Somehow, Philadelphia is the top city for Diner en Blanc in the country. The true No. 1. We invented the United States, and now we’ve perfected dining al fresco in a surprise location while wearing what is the blandest shade of the color palette. Guys, Ben Franklin would be so proud!
Our dominance at Diner en Blanc has been earned even though a quick search of social media shows how many people despise the event. Some people in Philadelphia really seem to hate it. Yet there are multiples more who love Diner en Blanc, enough for a U.S. record-setting 5,300 people to turn out Thursday night for the dinner, held in Franklin Square. And that number doesn’t include the 43,000 more who wanted to attend but weren’t allowed entry. New York has about the same number of applicants but a population five times the size of ours. I decided to find out why Diner en Blanc such a big deal here.
Two years ago, I was one of the most hated Diner en Blanc guys. A story that I wrote, even though we tried to be nice (I swear) by mentioning spoiler alert in the headline, gave away the location of the dinner at the Navy Yard a few days before it was set to happen. Not the favorite thing for fans of Diner en Blanc, who don’t find out until just before the event where they’ll be eating.
On Thursday night, I attended the dinner knowing nothing about the location and hung out with a group led by Carmen Lennon.
She’s been going to Diner en Blanc nearly since its Philadephia inception in 2012. Lennon regularly attends the high society events in the city — the gala scene, things like Marian Anderson Awards and The Red Ball.
“This is my favorite,” she said, “by far.”
Lennon likes Diner en Blanc for the crowd. Those galas bring in 1,000 people or so and, as she says, “the same people.” To her, Diner en Blanc brings in a different crowd, one that does turn away 40K or so people each year but still manages to be as diverse or more diverse than any major event in the city.
The 5,300 people who piled into Franklin Square Thursday night featured mostly women. There was a fairly even mix of white and black people. Most people appeared to be in their 30s and 40s, there were definitely exceptions. Not all of them were Philadelphians. Kim Knight had traveled up from Washington D.C. with a friend. She wanted to experience the historical feel of the city.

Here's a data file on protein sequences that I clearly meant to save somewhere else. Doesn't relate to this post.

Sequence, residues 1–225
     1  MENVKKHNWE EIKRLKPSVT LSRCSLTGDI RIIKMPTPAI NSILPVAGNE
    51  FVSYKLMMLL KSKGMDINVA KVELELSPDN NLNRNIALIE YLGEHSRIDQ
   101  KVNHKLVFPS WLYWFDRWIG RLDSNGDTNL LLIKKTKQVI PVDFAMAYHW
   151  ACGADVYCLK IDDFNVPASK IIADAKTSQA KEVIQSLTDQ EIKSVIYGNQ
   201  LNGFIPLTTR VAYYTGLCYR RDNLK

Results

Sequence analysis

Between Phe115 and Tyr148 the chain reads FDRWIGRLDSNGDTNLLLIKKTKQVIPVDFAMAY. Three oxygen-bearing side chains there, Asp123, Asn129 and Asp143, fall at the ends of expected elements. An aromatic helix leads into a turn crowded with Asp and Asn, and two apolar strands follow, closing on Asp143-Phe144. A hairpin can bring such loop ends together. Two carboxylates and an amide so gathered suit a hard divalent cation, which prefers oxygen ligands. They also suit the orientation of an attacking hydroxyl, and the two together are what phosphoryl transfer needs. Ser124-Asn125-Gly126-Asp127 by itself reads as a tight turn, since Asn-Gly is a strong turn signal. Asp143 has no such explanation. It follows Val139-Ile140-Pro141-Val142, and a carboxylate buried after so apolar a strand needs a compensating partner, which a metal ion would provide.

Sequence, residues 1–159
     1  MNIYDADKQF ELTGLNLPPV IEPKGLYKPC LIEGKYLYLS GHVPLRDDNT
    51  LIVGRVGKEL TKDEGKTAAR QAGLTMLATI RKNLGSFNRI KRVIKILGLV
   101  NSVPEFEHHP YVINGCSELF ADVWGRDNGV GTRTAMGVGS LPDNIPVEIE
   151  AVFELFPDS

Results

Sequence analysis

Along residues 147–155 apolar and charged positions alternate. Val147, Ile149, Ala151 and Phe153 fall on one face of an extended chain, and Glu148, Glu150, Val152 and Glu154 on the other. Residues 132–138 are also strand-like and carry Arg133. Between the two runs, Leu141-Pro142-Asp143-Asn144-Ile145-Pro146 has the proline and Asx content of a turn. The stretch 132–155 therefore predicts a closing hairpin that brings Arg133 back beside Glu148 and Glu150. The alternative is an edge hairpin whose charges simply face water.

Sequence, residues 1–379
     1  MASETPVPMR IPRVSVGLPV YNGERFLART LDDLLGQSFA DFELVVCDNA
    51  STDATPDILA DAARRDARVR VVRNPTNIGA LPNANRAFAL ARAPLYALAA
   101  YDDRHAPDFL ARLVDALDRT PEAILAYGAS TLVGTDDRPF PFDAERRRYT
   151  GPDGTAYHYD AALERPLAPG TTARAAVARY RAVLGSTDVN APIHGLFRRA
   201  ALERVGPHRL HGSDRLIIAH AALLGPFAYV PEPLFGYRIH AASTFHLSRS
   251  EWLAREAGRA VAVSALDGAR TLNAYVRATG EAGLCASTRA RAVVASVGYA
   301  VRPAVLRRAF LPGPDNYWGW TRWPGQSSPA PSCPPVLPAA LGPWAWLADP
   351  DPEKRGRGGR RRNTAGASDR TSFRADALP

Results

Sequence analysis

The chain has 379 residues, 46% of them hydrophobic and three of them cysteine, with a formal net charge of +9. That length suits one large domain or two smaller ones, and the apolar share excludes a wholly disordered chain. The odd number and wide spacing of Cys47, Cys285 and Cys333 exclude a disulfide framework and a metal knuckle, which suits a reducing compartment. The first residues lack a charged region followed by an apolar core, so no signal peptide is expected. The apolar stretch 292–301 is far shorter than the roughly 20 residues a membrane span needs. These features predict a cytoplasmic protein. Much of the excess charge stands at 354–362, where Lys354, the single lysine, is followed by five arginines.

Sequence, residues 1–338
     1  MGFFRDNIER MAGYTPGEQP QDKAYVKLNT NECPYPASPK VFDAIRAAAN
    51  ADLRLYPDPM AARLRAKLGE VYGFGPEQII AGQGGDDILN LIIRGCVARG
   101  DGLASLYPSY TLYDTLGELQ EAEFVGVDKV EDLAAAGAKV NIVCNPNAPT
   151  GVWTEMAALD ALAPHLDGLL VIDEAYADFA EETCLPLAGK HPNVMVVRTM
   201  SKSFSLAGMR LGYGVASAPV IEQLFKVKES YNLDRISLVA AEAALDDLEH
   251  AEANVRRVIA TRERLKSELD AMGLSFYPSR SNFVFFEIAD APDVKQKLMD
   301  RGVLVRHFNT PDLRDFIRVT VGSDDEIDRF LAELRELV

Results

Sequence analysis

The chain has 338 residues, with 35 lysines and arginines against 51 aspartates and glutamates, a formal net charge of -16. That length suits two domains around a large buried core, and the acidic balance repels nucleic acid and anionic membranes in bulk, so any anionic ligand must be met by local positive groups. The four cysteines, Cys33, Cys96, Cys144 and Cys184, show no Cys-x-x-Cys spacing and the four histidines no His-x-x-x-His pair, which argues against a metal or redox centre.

Some of them, like Jen, Eileen, Dena, Samantha and Gina, gather from various parts of the Philly metro area. They used to attend with their significant others until a year ago, when the women got so sick of them complaining about the walking or carrying the chairs and tables to the secret dining location.
“I was like, ‘I can’t do this with a man ever again,” said Samantha, who’s been attending since the first year.
The Fitler Square resident doesn’t attend any other major events in the city. Diner en Blanc is the only one. She likes it for the surprise and the way everything is plotted out in secret.
At about 6:30 p.m. Thursday, we began journeying toward the location where Diner en Blanc would be held this year from the meeting point near the Convention Center. Many people thought we’d be climbing on buses and headed to somewhere much farther. Instead, we walked to Franklin Square.
The walk was really embarrassing. That’s the only way to describe it. Wearing a white shirt, white pants and white shoes while walking through Chinatown, you feel like an idiot. You feel like everyone is staring (as you should), and they are (as they should). You feel a little too elitist, the top complaint lodged against the whole event, and amplified at a time when the city is divided over a statue of a man who’s come to represent police brutality. Tuesday night, thousands of people gathered about a block from the Diner en Blanc starting location. They were marching in solidarity against racism, and in honor of the victims of last weekend’s white supremacist attacks in Virginia.
But people who attend Diner en Blanc say it’s not elitist. Diner en Blanc costs $90 for two people. It may be hard to crack the lottery and actually get in, but event-goers point out it’s more affordable than a dinner at many Center City restaurants, and certainly cheaper than galas and other major events.
The insane part — and what draws so many people — is in the clothing, the decision to wear all white and walk through the city in broad daylight that attendees say is an equalizer.
“You let go of your ego,” said David Dee. “ You have to give up a little bit of yourself.”